Single-coated dogs (with ‘hair,’ rather than ‘fur’) have short, dense hair and a very fine undercoat; however, both fur and hair have the same composition and considerable disagreement exists as to whether the terms are interchangeable or not.
Groomers are sometimes asked to shave a golden retriever for the summer (see photo of Maggie). A responsible groomer will decline to do so.
“Shaving can cause a dog to get sun burned and shaving doesn’t really keep a dog cool,” according to Gayle Haak, groomer for 35 years at White Birch Kennels in Pennsylvania. “A golden’s coat acts as insulation to cool him in summer (and retain body heat during winter).”
Sometimes Haak will thin out a dog’s coat so it is not so thick. She also instructs owners how to properly comb a dog to get rid of a lot of the heavy undercoat.
And some groomers will shave the tummy area only – a reasonable compromise.
Sunburn and Heatstroke
A conditioner and canine sunblock can be a good idea if a dog spends a lot of time in the sun or water. It is also crucial to keep an eye on your best friend in the water because he can suffer from heat stroke even while swimming. Dogs have even been known to die from ingesting too much water when in the water.
Protect those Paw Pads during the Summer, too!
We humans wear shoes or at least flipflops so we may not be aware how hot the asphalt can get but our dogs know. Asphalt can actually burn the pads on their feet pretty badly and cause other damage. A human wouldn't think of walking barefoot on asphalt for long so why would you want your dog to? Just plain old common sense.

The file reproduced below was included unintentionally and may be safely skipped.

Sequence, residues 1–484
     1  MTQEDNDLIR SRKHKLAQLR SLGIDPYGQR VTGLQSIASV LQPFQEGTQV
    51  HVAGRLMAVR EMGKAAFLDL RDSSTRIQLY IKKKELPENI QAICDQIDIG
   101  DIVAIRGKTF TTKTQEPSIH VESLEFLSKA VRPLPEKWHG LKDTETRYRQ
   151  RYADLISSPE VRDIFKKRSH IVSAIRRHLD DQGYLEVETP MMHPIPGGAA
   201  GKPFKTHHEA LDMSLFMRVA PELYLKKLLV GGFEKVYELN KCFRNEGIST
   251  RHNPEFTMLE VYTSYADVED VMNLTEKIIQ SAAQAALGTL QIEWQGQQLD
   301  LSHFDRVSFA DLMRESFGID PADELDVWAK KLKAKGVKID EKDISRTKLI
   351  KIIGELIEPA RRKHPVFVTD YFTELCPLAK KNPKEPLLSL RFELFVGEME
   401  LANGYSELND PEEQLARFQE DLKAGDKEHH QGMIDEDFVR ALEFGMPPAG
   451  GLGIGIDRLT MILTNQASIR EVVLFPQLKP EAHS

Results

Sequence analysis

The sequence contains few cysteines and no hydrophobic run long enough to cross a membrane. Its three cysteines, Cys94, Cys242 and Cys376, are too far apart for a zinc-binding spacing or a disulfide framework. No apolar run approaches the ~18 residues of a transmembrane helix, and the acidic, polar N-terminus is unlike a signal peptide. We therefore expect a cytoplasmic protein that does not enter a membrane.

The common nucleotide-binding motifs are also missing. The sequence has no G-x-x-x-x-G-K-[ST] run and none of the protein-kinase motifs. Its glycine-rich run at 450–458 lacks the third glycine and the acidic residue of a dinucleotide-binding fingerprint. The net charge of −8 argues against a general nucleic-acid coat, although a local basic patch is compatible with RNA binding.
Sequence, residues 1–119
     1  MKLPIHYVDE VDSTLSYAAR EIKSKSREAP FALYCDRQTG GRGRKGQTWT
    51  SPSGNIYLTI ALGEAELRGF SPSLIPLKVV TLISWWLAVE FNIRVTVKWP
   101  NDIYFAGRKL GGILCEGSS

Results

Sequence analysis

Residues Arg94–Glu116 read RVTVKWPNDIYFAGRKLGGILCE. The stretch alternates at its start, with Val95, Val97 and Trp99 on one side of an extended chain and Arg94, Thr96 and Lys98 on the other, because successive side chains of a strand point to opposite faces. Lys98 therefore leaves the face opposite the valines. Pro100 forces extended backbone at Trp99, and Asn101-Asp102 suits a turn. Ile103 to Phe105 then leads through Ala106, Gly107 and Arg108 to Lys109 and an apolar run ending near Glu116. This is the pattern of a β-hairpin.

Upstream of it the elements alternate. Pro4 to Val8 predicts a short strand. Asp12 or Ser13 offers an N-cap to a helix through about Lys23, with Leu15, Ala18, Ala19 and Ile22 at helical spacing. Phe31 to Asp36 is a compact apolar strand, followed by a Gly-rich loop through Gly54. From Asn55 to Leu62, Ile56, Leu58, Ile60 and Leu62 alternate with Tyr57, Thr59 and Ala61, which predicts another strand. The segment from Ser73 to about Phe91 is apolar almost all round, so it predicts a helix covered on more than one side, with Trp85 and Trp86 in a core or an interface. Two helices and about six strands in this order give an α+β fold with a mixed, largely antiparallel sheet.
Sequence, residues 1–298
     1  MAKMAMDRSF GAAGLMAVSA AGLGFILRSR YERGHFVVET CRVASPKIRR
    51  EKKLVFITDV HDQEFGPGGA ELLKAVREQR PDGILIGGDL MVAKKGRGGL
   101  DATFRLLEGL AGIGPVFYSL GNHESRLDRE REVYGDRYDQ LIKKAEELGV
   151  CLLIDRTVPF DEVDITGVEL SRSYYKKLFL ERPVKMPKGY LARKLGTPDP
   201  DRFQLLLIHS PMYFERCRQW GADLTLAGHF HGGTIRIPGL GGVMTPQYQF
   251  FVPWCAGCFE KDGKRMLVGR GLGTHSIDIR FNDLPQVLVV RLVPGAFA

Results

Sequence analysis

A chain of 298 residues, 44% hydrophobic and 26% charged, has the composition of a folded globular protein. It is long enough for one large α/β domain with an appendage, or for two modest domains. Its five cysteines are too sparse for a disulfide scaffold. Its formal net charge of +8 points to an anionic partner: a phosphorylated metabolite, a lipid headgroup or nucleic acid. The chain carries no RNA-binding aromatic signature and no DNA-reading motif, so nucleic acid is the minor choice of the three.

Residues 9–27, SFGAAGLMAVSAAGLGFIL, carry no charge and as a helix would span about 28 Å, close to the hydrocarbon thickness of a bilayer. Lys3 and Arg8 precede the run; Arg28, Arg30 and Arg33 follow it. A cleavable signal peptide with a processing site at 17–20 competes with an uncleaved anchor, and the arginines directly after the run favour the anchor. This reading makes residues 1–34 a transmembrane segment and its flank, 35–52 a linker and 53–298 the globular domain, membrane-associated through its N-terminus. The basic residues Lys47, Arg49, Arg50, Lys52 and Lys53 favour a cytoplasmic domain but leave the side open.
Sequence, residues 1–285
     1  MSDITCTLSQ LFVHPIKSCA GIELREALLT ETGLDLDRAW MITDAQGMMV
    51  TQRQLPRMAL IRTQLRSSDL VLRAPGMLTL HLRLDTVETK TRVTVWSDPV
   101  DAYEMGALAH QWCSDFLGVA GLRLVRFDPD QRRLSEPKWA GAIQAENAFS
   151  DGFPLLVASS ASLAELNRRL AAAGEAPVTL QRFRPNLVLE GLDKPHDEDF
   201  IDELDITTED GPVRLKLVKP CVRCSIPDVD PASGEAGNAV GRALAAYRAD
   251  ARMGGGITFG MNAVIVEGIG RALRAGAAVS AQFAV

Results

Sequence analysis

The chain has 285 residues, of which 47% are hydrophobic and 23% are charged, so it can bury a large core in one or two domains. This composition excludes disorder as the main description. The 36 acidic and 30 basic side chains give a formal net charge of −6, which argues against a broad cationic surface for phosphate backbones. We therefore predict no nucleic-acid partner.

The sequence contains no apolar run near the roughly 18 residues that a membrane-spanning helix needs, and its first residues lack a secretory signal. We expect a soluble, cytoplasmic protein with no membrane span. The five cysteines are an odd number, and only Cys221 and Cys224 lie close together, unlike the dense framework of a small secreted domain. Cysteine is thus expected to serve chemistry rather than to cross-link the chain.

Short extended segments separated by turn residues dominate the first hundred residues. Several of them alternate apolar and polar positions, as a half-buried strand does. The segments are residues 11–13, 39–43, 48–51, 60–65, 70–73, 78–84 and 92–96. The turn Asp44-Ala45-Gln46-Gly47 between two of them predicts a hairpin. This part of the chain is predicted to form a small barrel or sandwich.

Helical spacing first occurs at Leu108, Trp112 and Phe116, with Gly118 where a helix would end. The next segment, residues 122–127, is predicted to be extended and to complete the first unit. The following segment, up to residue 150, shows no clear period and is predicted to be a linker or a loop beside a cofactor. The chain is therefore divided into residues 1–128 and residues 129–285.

Even wood decking can become very hot (and now there are new, hotter fake-wood decks to be aware of).
Beware of Dogs in Parked Cars
And finally, be very cautious about leaving your dog in the car while you run into the store for ‘just a minute.’ It can take ‘just a minute’ for a car to become overheated, even in the shade if the temperature is over 72 degrees, even with the windows cracked. Call the Howard County Police Department if you see a dog in a parked car or at least notify the manager of the store. You can also call Animal Control at 410-313-2780.
According to ‘State Laws that Protect Animals Left in Parked Vehicles’ at http://www.animallaw.info/articles/qvuspetsincars.htm, Maryland is one of 14 states with a law protecting dogs and cats in parked vehicles: humans are prohibited from leaving dogs or cats in a confined vehicle. Police and animal control officers are permitted to use force to remove the animal if necessary.
So, it is up to you to protect your dog’s health and safety in these ‘dog days of summer.’ Just do it: he’s worth it! After all, he is your best friend!

(Photo courtesy VSalico)

 Leave Your No's at Home When Training Your Dog




EverythingDogBlog #6
(Campbell in the Driver's Seat/Maggie's Summer Cut)
EverythingDogBlog
by Skye Anderson, MS
We are responsible for our dogs’ safety and well-being so we need to ‘wisen up’ during the hot, sultry ‘dog days of summer’ to keep them healthy, happy and cool canines. (The ‘dog days of summer’ were mistakenly thought by ancient Greeks and Romans to be caused by the Dog Star Sirius, the brightest star.)
Put your dog in the driver’s seat (not literally, but see photo anyway) and keep his comfort and safety in mind this summer. Our dogs want to be with us and go where we go – even to the office! But many times this time of year, it is wiser to leave them home to nap in the cool house rather than to take them to watch the kids’ soccer game unless we can be sure there is sufficient water and shade to keep them cool.